- As you can see we only have one post (Hello world!) and the ID of this post is 1. We can delete it with:
wp post delete 1
Success: Trashed post 1.
- To create a new post, use:
wp post create --post_status=publish --post_title="This Post Was Created With WP-CLI" --edit
- It’s also possible to create a new post and import post content directly from a .txt file:
wp post create ./post.txt --post_title='Sample Post' --post_status=publish
- Apart from creating posts, you can also generate them in WP-CLI. This feature is useful if you want to test how your WordPress site will work with a lot of posts. To autogenerate 10 posts, enter this following line:
wp post generate --count=10
With WP-CLI, you can automate the image import process. For this example, we want to import all images from the images_for_site folder. We can achieve it by using a single command:
wp media import images_for_site/*
Using WP-CLI To Export/Import WordPress
Thanks to WP-CLI, you can easily export or import content from one WordPress installation to another.
- In order to export posts, terms, authors, comments, and attachments to an XML file, enter the command below:
- Let’s say we want to import the same XML file to another WordPress instance. First of all, we need to install the wp-importer plugin:
wp plugin install wordpress-importer --activate
- Once the installation is complete, we can proceed with the import. We will create a new author by using the –authors parameter:
wp import hostingertutorials.wordpress.2020-03-06.000.xml --authors=create
<p>All done. <a href="http://hostinger-dev-17.xyz/wp-admin/">Have fun!</a></p><p>Remember to update the passwords and roles of imported users.</p> Success: Finished importing from 'hostingerdev.wordpress.2020-03-06.000.xml' file.
Using WP-CLI to Manage Database
WP-CLI also allows you to manage your database. Here are some basics:
- The tool allows you to run normal SQL queries with the wp db query command. For instance, in order to see all registered WordPress users, enter:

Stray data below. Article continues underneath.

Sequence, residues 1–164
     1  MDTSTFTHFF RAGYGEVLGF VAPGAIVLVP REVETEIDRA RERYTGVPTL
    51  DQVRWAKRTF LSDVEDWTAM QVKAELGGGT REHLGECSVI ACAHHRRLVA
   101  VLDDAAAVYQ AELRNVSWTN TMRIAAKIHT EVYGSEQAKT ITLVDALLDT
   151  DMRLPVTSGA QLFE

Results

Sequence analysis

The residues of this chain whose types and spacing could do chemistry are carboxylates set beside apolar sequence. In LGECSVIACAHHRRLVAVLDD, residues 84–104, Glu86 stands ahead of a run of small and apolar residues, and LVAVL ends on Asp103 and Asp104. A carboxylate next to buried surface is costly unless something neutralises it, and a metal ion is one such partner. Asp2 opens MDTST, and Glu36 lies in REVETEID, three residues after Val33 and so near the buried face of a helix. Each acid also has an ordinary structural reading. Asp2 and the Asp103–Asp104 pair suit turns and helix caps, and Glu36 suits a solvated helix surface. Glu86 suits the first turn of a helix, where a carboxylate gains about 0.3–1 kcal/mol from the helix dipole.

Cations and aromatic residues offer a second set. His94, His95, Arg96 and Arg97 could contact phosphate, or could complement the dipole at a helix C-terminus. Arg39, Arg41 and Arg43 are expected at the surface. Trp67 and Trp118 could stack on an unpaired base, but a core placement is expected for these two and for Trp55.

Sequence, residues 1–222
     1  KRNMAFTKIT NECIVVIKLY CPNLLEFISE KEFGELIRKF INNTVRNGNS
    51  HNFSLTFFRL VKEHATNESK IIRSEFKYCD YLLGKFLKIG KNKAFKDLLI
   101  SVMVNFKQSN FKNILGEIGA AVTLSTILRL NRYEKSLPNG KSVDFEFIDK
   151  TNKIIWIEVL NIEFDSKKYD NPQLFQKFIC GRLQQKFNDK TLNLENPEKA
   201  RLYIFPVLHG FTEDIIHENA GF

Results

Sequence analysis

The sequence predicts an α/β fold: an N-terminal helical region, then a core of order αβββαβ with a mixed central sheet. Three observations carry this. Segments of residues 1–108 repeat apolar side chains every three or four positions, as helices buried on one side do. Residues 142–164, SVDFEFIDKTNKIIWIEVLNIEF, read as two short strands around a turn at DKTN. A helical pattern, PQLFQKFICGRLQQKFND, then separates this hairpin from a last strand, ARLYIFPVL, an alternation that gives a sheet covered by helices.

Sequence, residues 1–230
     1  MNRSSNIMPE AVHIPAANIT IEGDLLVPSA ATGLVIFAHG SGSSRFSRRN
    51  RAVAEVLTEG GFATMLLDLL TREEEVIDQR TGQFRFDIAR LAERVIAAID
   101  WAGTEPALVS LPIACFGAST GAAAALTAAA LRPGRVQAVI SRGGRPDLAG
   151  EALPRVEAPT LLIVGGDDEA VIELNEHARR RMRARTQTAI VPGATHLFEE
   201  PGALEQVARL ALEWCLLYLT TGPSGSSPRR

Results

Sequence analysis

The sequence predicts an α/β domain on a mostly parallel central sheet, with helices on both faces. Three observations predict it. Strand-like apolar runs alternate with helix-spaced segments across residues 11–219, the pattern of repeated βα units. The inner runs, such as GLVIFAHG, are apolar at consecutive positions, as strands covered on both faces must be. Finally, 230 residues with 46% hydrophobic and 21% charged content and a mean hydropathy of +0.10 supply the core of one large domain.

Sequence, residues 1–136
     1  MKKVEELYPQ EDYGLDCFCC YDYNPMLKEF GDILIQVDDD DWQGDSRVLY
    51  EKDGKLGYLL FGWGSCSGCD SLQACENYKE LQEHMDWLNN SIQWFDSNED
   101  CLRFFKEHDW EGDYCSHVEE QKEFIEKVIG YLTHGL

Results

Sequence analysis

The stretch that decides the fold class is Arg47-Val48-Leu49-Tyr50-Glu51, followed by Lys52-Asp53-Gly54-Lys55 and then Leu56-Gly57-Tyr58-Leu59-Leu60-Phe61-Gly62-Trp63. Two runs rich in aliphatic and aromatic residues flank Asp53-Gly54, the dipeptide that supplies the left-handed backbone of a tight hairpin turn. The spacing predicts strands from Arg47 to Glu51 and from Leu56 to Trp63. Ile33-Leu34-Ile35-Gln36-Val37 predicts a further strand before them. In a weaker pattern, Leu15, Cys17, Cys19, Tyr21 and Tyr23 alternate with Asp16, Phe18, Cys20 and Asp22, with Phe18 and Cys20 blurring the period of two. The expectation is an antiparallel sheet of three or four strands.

wp db query "SELECT user_login,ID FROM wp_users;"
+------------+----+ | user_login | ID | +------------+----+ | user | 1 | +------------+----+
- You can run other useful operations like exports. It will generate an SQL dump file of your WordPress database:
wp db export
Success: Exported to 'u373726772_wordpress-2020-03-06-3c44b24.sql'.
- To import an SQL file into a WordPress database, use:
wp db import filename.sql
Success: Imported from 'filename.sql'.
Using WP-CLI to Search and Replace
Have you ever moved WordPress from a local development or staging to hosting? If you have, you know how useful search and replace can be. While an SQL query or a plugin might do it, you can easily perform search and replace in WP-CLI with one command.
Let’s say we have changed our domain name from hostinger-dev-17.xyz to hostinger-dev-17.net and we need to update all URLs in our WordPress database.
- It’s always recommended to make a ‘dry run’ before performing the actual search and replace. It will show how many instances would be changed:
wp search-replace --dry-run 'hostinger-dev-17.xyz' 'hostinger-dev-17.net'
Success: 14 replacements to be made.
- Now, in order to perform the actual search and replace with WP-CLI, remove the –dry-run parameter:
wp search-replace 'hostinger-dev-17.xyz' 'hostinger-dev-17.net'
Success: Made 14 replacements.
WP-CLI makes it possible for you to manage your WordPress site through a command-line interface. As you have seen, it can prove to be more efficient than performing tasks from your WordPress admin page.
What’s great, this tool is extendable through third-party programs and advanced commands. All in all, it’s a great tool to streamline your workflow and improve your productivity.
In this tutorial, we have shown you the basic foundation of WP-CLI. Hopefully, now you can master several tasks using the command line, such as installing and managing WordPress, plugins, themes, posts, databases, and so on.
Good luck and be sure to comment below if you have any questions!